# Direct Proportion – Examples and Practice Problems

Proportionality allows us to relate two quantities and understand how one quantity changes if we change the other. If two quantities are directly proportional, then when we increase one quantity, the other quantity will also increase and vice versa.

Here, we will look at a brief summary of direct proportion. We will also see proportionality examples with answers and practice problems.

##### ALGEBRA

Relevant for

Solving several examples of direct proportion.

See examples

##### ALGEBRA

Relevant for

Solving several examples of direct proportion.

See examples

## Summary of direct proportion

Direct proportion is the relationship between two variables, which have a ratio that is equal to a constant value. This means that direct proportion is a situation where an increase in one quantity causes a corresponding increase in the other quantity or a decrease in one quantity results in a decrease in the other quantity.

Direct proportion is denoted by the proportionality symbol (∝). For example, if the variables a and b are proportional to each other, we can represent this as ab. If we replace the proportionality sign with the equal sign, the equation changes to:

$latex a= kb$

where k is called a constant of proportionality.

Many real-life situations have direct proportionalities, for example:

• The work done is directly proportional to the number of workers.
• The cost of food is directly proportional to weight.
• The amount of gasoline consumed is proportional to the distance traveled.

## Direct proportion – Examples with answers

The following examples are various direct proportion application problems. Try to solve the exercises yourself, but if you have problems, you can look at the solution. The solution of each example is detailed and will help you understand the process used.

### EXAMPLE 1

A car consumes 12 liters of gasoline for every 90 kilometers traveled. How far can the car travel on 4 liters of gasoline?

We have that the car consumes 12 liters of gasoline for every 90 kilometers. Therefore, for every 1 liter of gasoline, the car can travel $latex \frac{90}{12}$:

1 liter$latex =\frac{90}{12}$ km

Thus, with 4 liters of gasoline, the car covers:

$latex 4\left( \frac{90}{12}\right)=30$ km

### EXAMPLE 2

The cost of 6 watermelons is 8 dollars. How many watermelons can 20 dollars buy?

The question tells us that with 8 dollars, we can buy 6 watermelons. Therefore, with 1 dollar, we can buy $latex \frac{6}{8}=\frac{3}{4}$ watermelons:

1 dollar$latex =\frac{3}{4}$ watermelons

Therefore,with 20 dollars, we can buy:

$latex 20\left( \frac{3}{4}\right)=15$ watermelons

### EXAMPLE 3

If it takes 6 workers 1 month to build 2 houses, how many houses would 9 workers build in 1 month?

Here, the relationship is only between workers and houses since the number of months remains the same. We have 6 workers build 2 houses in 1 month. Therefore, in 1 month, 1 worker would build $latex \frac{2}{6}=\frac{1}{3}$ houses:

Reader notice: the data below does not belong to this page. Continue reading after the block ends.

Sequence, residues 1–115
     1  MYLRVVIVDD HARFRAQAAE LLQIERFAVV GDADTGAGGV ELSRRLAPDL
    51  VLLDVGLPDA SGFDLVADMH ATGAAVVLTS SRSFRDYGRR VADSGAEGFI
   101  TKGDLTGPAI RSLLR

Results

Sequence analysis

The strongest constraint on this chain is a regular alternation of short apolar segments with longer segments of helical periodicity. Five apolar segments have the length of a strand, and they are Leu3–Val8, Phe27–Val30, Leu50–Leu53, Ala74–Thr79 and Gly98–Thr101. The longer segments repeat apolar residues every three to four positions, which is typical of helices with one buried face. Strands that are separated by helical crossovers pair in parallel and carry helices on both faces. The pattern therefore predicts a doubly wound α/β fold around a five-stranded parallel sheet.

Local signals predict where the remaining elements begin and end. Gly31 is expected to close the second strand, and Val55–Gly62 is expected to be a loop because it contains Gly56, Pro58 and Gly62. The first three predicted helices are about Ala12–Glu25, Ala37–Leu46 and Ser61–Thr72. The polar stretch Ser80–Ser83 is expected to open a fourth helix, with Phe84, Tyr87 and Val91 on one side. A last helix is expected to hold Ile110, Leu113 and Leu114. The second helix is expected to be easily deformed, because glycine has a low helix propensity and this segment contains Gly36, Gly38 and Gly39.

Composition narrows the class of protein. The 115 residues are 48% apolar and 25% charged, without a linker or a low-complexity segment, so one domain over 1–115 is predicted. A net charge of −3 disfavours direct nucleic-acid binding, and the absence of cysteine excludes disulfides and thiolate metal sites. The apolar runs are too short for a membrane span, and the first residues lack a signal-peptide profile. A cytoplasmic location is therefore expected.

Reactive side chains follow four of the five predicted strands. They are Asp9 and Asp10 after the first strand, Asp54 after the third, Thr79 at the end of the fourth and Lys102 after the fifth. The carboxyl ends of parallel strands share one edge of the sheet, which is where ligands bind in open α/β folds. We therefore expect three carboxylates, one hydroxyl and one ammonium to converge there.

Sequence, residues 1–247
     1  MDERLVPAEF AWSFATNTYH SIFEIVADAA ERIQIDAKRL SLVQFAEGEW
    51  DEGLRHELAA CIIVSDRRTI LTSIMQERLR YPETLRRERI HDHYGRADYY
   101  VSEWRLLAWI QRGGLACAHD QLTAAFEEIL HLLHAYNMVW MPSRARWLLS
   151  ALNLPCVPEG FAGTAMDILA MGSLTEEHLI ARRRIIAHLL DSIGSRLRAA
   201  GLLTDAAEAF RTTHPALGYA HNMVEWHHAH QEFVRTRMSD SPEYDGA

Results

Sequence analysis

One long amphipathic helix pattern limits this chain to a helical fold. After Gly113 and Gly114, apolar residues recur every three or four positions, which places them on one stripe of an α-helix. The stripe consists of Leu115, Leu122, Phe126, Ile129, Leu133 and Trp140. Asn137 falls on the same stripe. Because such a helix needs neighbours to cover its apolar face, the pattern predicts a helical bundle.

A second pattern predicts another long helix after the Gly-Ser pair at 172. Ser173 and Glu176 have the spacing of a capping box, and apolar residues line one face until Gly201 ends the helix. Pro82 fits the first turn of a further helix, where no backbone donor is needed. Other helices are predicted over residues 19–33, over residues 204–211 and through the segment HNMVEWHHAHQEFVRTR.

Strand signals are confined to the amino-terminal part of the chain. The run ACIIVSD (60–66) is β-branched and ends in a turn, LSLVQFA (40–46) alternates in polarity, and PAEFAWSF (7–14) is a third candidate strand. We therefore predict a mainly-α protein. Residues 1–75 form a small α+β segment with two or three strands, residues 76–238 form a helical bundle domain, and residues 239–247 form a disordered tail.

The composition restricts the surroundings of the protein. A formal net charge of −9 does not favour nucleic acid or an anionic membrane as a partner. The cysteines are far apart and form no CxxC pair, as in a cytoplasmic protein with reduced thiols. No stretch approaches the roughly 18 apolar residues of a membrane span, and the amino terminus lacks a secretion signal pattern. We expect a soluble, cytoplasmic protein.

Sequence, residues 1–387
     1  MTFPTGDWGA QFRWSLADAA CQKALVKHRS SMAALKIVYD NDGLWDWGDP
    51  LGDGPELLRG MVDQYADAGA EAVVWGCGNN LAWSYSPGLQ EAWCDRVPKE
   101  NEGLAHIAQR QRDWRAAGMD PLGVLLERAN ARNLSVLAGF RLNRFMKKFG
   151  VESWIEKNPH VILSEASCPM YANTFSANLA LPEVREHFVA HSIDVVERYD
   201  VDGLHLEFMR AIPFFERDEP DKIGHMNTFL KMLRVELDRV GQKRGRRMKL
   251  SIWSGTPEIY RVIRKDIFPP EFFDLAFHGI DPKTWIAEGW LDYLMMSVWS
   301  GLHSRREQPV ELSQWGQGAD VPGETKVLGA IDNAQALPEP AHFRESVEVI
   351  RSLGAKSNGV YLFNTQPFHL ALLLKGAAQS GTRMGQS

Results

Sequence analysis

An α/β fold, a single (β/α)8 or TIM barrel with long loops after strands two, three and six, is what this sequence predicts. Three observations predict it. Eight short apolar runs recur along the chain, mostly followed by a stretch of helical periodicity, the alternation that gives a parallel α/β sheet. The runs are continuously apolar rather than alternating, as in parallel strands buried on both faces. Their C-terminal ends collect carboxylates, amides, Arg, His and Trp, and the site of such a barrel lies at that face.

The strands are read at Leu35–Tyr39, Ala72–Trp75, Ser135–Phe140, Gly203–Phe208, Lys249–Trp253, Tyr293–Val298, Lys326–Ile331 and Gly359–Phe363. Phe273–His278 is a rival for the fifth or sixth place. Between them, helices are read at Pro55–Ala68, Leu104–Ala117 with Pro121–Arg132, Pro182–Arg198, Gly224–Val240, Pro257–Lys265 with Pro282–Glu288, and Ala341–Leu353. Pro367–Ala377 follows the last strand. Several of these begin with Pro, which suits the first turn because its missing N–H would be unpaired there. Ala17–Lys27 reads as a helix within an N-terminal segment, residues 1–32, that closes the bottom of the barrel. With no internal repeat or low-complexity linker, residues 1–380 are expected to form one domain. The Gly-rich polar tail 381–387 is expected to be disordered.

1 worker$latex =\frac{1}{3}$ houses

Therefore, 9 workers would build:

$latex 9\left( \frac{1}{3}\right)=3$ houses

### EXAMPLE 4

If 18 cows produce 396 liters of milk, how many cows would it take to produce 550 liters of milk?

We have that 18 cows produce 396 liters of milk. Therefore, 1 liter of milk is produced by $latex \frac{18}{396}=\frac{1}{22}$ cows:

1 liter$latex =\frac{1}{22}$ cows

Thus, 550 liters are produced by:

$latex 550\left( \frac{1}{22}\right)=25$ cows

### EXAMPLE 5

The total salary for 12 people who work for 6 days is 1800 dollars. What is the total salary for 20 people who work for 5 days?

This exercise is similar to the previous ones, the only difference is that we have to apply direct proportion twice. Therefore, we have the following:

Salary of 12 people for 6 days = 1800

⇒ Salary of 1 person for 6 days = $latex \frac{1800}{12}=150$

⇒ Salary of 1 person for 1 day = $latex \frac{150}{6}=25$

⇒ Total salary of 20 people for 5 days = $latex 25 \times 20\times 5=2500$

Thus, the total salary of 20 people who work for 5 days is 2 500 dollars.

### EXAMPLE 6

The cost to transport 250 packages of cement for 120 kilometers is 600 dollars. What will be the cost of transporting 500 packages for 300 kilometers?

Similar to the previous problem, we have to apply direct proportion twice. Thus, we have the following:

250 packages for 120 kilometers = 600

⇒ 250 packages for 1 kilometer = $latex \frac{600}{120}=5$

⇒ 1 package for 1 kilometer = $latex \frac{5}{250}=\frac{1}{50}$

⇒ 500 packages for 300 kilometers = $latex \frac{1}{50} \times 500\times 300=3000$

Therefore, the cost to transport 500 packages of cement for 300 kilometers is 3 000 dollars.

## Direct proportion – Practice problems

Use the following direct proportion problems to test your knowledge on this topic. Select one of the options and check it to verify that you selected the correct answer. Use the solved examples above if you have a problem with these exercises.

#### The cost of 16 chocolate bars each weighing 900 g is 42 dollars. What is the cost of 27 chocolate bars each weighing 1 kg?

Interested in learning more about proportionality? Take a look at these pages: ### Jefferson Huera Guzman

Jefferson is the lead author and administrator of Neurochispas.com. The interactive Mathematics and Physics content that I have created has helped many students.